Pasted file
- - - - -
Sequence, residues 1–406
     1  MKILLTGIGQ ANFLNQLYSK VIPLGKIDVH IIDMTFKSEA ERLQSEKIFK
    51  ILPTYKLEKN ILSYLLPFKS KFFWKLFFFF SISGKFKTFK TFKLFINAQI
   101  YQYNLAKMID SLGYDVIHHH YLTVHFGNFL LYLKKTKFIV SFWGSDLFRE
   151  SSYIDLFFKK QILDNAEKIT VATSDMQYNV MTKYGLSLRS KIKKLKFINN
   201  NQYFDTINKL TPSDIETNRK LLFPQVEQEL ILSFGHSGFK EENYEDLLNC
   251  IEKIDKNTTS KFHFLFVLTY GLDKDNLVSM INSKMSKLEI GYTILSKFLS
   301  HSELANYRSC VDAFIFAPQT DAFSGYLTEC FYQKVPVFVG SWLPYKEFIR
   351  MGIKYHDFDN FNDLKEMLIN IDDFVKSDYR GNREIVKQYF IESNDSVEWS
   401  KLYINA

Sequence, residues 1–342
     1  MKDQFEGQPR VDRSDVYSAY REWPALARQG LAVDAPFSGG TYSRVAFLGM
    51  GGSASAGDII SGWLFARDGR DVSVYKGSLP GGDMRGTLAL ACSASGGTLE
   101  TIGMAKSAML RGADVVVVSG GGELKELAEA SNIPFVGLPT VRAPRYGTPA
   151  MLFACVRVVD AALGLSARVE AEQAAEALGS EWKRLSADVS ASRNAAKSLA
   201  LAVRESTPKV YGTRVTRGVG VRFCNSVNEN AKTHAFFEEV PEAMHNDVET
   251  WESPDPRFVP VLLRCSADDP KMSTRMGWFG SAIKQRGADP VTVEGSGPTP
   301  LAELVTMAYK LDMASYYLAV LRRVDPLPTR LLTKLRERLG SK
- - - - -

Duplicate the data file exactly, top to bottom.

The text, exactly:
Sequence, residues 1–406
     1  MKILLTGIGQ ANFLNQLYSK VIPLGKIDVH IIDMTFKSEA ERLQSEKIFK
    51  ILPTYKLEKN ILSYLLPFKS KFFWKLFFFF SISGKFKTFK TFKLFINAQI
   101  YQYNLAKMID SLGYDVIHHH YLTVHFGNFL LYLKKTKFIV SFWGSDLFRE
   151  SSYIDLFFKK QILDNAEKIT VATSDMQYNV MTKYGLSLRS KIKKLKFINN
   201  NQYFDTINKL TPSDIETNRK LLFPQVEQEL ILSFGHSGFK EENYEDLLNC
   251  IEKIDKNTTS KFHFLFVLTY GLDKDNLVSM INSKMSKLEI GYTILSKFLS
   301  HSELANYRSC VDAFIFAPQT DAFSGYLTEC FYQKVPVFVG SWLPYKEFIR
   351  MGIKYHDFDN FNDLKEMLIN IDDFVKSDYR GNREIVKQYF IESNDSVEWS
   401  KLYINA

Sequence, residues 1–342
     1  MKDQFEGQPR VDRSDVYSAY REWPALARQG LAVDAPFSGG TYSRVAFLGM
    51  GGSASAGDII SGWLFARDGR DVSVYKGSLP GGDMRGTLAL ACSASGGTLE
   101  TIGMAKSAML RGADVVVVSG GGELKELAEA SNIPFVGLPT VRAPRYGTPA
   151  MLFACVRVVD AALGLSARVE AEQAAEALGS EWKRLSADVS ASRNAAKSLA
   201  LAVRESTPKV YGTRVTRGVG VRFCNSVNEN AKTHAFFEEV PEAMHNDVET
   251  WESPDPRFVP VLLRCSADDP KMSTRMGWFG SAIKQRGADP VTVEGSGPTP
   301  LAELVTMAYK LDMASYYLAV LRRVDPLPTR LLTKLRERLG SK